Companies having several products marketed across multiple regions with country specific requirement(s) to comply with their regulations, this is complex and also increases costs exponentially. Most importantly, labeling challenges in labeling process are regulatory compliance, global process standardization, automated inspection, version control, data management, and impact of changes. Over a period, the label content in different jurisdictions continues to “drift” away from the content presented in CCDS, disintegrating the intention of a “core” as the misalignment continues to expand. This is one of the main reasons in large companies that are marketing potentially hundreds of products in multiple markets.
In addition, the frequent changes in drug labeling regulations in the emerging markets contribute to another important challenge. Local Product Label (LPD) must comply with local regulations (applicable country specific) failing to compliance with the regulations would lead to health authority actions, product recalls or withdrawal from the market. Local labeling challenges are mainly due to lack of coordination between labeling head quarters and affiliates, inconsistency with CCDS and CSI information, delays in updating the local label and implementing the new changes, content and language translations.
|Category||Label Challenges||Percentage||Total %|
|Multiple products multiple countries||Frequent safety updates in CCDS for newly approved drugs||4||34|
|Label content in different jurisdictions||9|
|Non-consistency in label formats and submission methods||3|
|Tight budgets and schedules||8|
|Language and content changes||5|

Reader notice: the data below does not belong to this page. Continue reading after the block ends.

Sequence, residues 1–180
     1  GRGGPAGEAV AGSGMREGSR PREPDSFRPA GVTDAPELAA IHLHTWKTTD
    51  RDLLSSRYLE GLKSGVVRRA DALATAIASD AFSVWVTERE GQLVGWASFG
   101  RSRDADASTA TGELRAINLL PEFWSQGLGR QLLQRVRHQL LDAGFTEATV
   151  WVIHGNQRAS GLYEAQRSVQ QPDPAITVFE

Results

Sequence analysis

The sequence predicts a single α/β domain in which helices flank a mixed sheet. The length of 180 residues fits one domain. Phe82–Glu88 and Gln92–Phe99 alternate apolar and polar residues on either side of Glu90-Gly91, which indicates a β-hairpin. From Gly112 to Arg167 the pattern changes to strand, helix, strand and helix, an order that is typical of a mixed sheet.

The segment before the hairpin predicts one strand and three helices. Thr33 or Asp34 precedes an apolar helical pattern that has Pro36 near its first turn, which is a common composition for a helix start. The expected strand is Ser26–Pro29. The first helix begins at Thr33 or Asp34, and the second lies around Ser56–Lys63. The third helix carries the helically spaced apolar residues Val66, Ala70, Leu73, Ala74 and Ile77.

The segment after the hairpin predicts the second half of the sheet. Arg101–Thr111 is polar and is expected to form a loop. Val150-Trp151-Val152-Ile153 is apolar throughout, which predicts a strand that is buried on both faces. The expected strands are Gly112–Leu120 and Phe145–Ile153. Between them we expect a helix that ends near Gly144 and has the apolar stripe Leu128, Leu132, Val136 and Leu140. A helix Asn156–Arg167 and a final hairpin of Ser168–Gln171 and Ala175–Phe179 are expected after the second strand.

|Poor strategic plans||5|
|Mergers & Acquisitions (M&As)||Unclear ownership||15||45|
|Inadequate transition process||6|
|Lack of an appropriate tracking system||8|
|Poor communication between head quarter labeling||11|
|Label version history management||5|
|Local regulations||Coordination between labeling head quarters and affiliates||11||23|
|Delays in updating local labels and implementing new changes||2|
|Inconsistency with CCDS and CSI information||2|
|Content and language translations||3|
|Timeline management for label updation and deviations||5|
Package & Labeling Compliance:
With high importance of regulatory compliance, data accuracy is one of the most important criteria in drug labeling; approximately 51% of auditing issues are related to labeling associated documents from various audits conducted by FDA and MHRA reports. Lack of effective control measures and processes to eliminate labeling errors could result in serious health hazards, regulatory actions, and a flawed reputation for a company; sometimes labeling non compliance issues may lead to product recalls, partial or complete withdrawals from the markets as well.
The label compliance issues are associated mainly with packaging related (defect container, miscarton information, label mix-ups, etc) and product related that includes dosage form, strength, warnings, contraindications, ADRs, and others.
Package & Labeling must comply with applicable regulatory requirements such as US FDA, Health Canada, and MHRA. In USA, drug product packaging and labeling should comply with US FDA 21 CFR 211 Subpart G. It includes Material examination and usage criteria, labeling issuance, Packaging and Labeling (P&L) Operations, Tamper-evident packaging, Drug Product (DP) Inspection and Expiration dating. In the same way, for emerging markets packaging and labeling must be done as per applicable country specific Health Authority regulations.